Tufts Researcher Receives $1 Million Grant
Dr. John Wong will receive $1 million over three years to fund a patient education research project.
Tufts Medical Center has announced that Dr. John B. Wong, chief of the Division of Clinical Decision Making will receive a research award grant from the Patient-Centered Outcomes Research Institute (PCORI) of $1 million over the course of three years to fund his work improving comparative effectiveness research methods. PCORI works to find ways to more effectively educate patients and health insurance providers about the types of medical care available for each individual patient.
PCORI— who also recently awarded money to the Harvard Pilgrim Healthcare Institute—has approved for Wong to receive this money to continue looking at how to improve patients’ treatment education. Dr. Wong was among 14 percent of applicants to receive funding.
Wong’s project is entitled “Integrating Causal Inference, Evidence Synthesis, and Research Prioritization Methods” and will study how medical research can be prioritized to better inform patients of the treatment options available to them. Wong’s project may improve the relationship between medical researchers and medical care providers, and the relationship between care providers and their patients. This way, patients will be better informed about their treatment options and receive the most updated information about medical research that applies to their treatment.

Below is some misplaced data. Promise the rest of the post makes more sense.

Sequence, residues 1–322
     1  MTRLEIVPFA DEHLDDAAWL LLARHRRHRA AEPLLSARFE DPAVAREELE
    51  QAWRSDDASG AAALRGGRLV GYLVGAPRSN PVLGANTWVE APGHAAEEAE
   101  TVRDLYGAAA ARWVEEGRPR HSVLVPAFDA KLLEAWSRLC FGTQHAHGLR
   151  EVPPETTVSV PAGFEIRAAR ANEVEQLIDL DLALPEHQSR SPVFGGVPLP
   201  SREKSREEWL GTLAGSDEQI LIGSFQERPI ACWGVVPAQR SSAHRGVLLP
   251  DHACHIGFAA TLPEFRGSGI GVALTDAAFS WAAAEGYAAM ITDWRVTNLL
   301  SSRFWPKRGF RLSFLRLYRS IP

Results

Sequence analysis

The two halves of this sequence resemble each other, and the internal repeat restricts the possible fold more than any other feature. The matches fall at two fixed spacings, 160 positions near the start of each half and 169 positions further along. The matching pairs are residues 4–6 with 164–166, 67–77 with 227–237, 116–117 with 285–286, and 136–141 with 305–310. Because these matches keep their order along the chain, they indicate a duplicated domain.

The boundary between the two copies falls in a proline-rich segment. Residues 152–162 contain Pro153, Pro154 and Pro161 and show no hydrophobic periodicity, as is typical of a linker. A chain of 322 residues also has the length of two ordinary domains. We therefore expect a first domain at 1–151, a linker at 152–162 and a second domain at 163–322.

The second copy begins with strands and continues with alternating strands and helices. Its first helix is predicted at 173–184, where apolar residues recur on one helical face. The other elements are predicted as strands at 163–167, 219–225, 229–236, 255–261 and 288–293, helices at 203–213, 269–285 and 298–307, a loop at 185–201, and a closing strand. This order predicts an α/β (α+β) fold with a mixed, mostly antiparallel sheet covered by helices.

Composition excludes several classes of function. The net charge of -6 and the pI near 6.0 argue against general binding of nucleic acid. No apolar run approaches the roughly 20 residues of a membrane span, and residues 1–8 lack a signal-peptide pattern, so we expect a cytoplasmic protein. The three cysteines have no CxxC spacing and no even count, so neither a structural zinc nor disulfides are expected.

In a press release, Wong said:
“With this study, we are seeking to inform decision making and outcomes that matter to real people in the real world. Our long-term objective is to establish the benefits and harms of therapeutic interventions based on observational studies and randomized clinical trials, so that we can…provide physicians and patients with the evidence they need to make the right choices for individualized care.”
The proposal for Wong’s project was among 570 applications submitted in response to PCORI’s national funding announcement. All 570 proposals were evaluated based on scientific merit, how well the objective of the project fits with PCORI’s goals, and how well the project involves patients. Wong’s project is one of 71 projects awarded more than $114 million collectively by PCORI.
PCORI Executive Director, Dr. Joe Selby said last week:
“Dr. Wong’s project was selected for PCORI funding, not only for its scientific merit, but also for its potential to fill an important gap in our health knowledge and ultimately help patients, and those who care for them, make more fully informed decisions about their care.”